STAYING PUT: Bundaberg local Sue Giarola is isolating in Italy.
STAYING PUT: Bundaberg local Sue Giarola is isolating in Italy.

Bundaberg couple speak of life in quarantine in Italy

ITALY has always been a place where people's hearts are as full as their bellies, but now hearts are broken in a country full of fear.

After working in education for the last four decades, Bundaberg locals Sue Giarola and her husband John planned a well-deserved overseas holiday.

The couple were filled with excitement, as they embarked on what they had anticipated to be a three-month-long stay in Sicily, Italy.

But as they said goodbye to loved ones and eagerly passed through customs in Rome, on March 2, little did they know what lay ahead.


The main square in Ortigia is usually filled with people.
The main square in Ortigia is usually filled with people.


"To ensure that we had time to explore and relax, we rented a flat in Ortigia (Syracuse on the south east of Sicily) then would go onto Palermo (north east) for the last leg of our holiday," Ms Giarola said.

"Everything appeared normal … a few fellow travellers were wearing masks but no precautions were evident as we passed through customs and travelled south to Sicily by train."

For the next three days, the pair visited Sicily's second largest city, Catania, where they discovered all schools and universities were closed, as a precaution for coronavirus.

"Life seemed normal as we visited the city's famous landmarks including fish markets, fruit and vegetable markets and historical churches and buildings," Ms Giarola said.

"We finally arrived at our first home-away-from-home in Ortigia, a small UNESCO World Heritage town and quintessential Italian town, complete with its cobblestone streets, flower boxes in windows, spectacular palazzos and churches."

But things quickly changed for the worst, when the evening news began broadcasting scenes of devastation and staggering death tolls, caused by the virus.


STAYING PUT: Bundaberg local Sue Giarola is isolating in Italy.
STAYING PUT: Bundaberg local Sue Giarola is isolating in Italy.


On March 9, the couple received confirmation from their neighbour, who is an air traffic controller, that Italy was moving into lockdown with restrictions effective immediately.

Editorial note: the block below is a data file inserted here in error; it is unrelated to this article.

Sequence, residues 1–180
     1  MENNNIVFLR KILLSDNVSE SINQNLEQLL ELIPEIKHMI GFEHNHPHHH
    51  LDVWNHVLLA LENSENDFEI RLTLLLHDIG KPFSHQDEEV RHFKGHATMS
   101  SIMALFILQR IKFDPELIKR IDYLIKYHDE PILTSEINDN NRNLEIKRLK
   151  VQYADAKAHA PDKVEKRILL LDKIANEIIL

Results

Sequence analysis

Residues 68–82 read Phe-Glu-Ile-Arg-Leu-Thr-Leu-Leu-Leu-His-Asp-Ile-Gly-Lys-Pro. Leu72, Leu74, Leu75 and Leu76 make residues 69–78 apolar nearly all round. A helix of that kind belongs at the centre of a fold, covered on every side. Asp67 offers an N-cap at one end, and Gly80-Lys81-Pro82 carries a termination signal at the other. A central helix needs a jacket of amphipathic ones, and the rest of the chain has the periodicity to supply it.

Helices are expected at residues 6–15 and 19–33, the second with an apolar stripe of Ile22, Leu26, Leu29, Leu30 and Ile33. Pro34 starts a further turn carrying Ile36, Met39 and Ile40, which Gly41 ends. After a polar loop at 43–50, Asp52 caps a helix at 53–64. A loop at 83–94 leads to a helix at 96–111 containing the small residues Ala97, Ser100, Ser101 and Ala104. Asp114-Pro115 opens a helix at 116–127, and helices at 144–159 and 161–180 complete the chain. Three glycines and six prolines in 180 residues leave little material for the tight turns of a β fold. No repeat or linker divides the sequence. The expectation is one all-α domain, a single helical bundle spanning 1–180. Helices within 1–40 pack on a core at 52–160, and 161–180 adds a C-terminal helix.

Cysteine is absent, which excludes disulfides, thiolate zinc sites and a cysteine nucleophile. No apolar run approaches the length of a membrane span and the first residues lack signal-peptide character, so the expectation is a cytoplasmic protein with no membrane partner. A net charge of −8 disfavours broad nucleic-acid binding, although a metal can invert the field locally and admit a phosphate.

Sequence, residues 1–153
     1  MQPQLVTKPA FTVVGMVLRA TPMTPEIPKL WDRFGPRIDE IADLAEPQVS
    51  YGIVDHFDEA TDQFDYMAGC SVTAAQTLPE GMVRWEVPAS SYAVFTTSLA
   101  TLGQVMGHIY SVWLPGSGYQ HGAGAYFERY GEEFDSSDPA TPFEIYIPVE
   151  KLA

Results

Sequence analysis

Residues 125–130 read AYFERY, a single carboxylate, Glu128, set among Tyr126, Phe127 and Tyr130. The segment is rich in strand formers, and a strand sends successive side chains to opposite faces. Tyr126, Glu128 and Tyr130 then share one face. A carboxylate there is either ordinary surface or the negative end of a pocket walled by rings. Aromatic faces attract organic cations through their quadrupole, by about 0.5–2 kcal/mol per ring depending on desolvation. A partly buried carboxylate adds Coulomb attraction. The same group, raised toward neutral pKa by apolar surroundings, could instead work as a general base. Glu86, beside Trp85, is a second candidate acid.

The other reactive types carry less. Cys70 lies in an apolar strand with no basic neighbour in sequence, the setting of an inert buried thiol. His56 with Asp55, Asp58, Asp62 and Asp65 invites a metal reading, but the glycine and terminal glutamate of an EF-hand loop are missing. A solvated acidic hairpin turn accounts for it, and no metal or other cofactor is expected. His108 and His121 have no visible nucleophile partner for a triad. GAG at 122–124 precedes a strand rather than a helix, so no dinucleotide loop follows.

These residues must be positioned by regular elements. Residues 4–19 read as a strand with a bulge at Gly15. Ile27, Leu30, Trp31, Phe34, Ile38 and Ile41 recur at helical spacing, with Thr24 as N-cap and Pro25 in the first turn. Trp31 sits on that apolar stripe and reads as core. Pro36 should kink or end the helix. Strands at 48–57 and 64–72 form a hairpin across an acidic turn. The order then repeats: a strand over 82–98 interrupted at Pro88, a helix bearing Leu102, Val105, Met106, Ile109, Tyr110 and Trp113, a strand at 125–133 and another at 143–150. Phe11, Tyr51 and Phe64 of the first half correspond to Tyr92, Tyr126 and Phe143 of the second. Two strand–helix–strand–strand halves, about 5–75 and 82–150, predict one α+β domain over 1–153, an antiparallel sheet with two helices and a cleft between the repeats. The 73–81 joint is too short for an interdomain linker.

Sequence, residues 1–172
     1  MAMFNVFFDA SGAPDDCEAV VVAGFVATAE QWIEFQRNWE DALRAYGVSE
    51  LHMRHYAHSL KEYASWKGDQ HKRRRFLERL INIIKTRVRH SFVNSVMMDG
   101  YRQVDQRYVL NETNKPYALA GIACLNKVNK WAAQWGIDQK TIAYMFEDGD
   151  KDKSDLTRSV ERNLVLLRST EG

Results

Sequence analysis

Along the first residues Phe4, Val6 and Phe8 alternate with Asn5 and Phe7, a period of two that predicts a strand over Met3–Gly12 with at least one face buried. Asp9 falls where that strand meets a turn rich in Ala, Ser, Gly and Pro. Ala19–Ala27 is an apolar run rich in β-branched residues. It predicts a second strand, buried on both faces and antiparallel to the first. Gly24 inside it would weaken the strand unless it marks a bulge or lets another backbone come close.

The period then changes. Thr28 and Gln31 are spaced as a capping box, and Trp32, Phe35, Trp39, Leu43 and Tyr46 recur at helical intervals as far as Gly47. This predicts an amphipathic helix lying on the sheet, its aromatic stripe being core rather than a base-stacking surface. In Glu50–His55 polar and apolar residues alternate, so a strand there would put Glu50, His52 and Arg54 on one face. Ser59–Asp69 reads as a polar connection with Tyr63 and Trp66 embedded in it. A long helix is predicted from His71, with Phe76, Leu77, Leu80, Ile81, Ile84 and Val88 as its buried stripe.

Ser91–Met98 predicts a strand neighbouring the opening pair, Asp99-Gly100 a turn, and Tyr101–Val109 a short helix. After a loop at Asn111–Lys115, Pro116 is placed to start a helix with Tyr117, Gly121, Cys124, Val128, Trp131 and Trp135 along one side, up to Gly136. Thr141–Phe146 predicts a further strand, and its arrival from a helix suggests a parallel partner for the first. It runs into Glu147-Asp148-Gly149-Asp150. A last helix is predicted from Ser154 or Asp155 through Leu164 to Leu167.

"With a sinking feeling, we checked the Ministry of Health website and saw all flights were going to be suspended and the borders closed," Ms Giarola said.

"The opportunity to catch a flight home was very small and we were caught unawares, as were many across the country."

Tougher restrictions were implemented days later, with essential services, food outlets and pharmacies being the only remaining traders.

As police continue to patrol the streets, residents and tourists have been advised to remain indoors and with only one person from each household permitted to collect groceries.


No movement on the streets of Ortigia.
No movement on the streets of Ortigia.


Italy has confirmed more than 132,500 cases of coronavirus, with more than 16,500 deaths.

Understandably, the Bundaberg couple have growing concerns.

"We know we are far safer to remain here than attempt to travel home, (but) emotionally it is a bit of a roller coaster," Ms Giarola said.

"The uncertainty of the situation is always in the back of your mind, sometimes it is a bit overwhelming, not only for us, but also for everyone at home."

Last week it was announced that Italy would remain in lockdown until April 13, making it six long weeks full of anxiety and emotions.

"While we are disappointed, we wholeheartedly support the Italian government in their attempts to contain the virus," Ms Giarola said.

"Italian people are understandably concerned for their short and long term future but the catch phrase across the country is 'andra tutto bene' which translates 'everything will be fine.'"

The couple are continuing to remain positive and are filling the days by reading, doing crosswords, playing Rummikub and watching Netflix, as they patiently wait for further updates.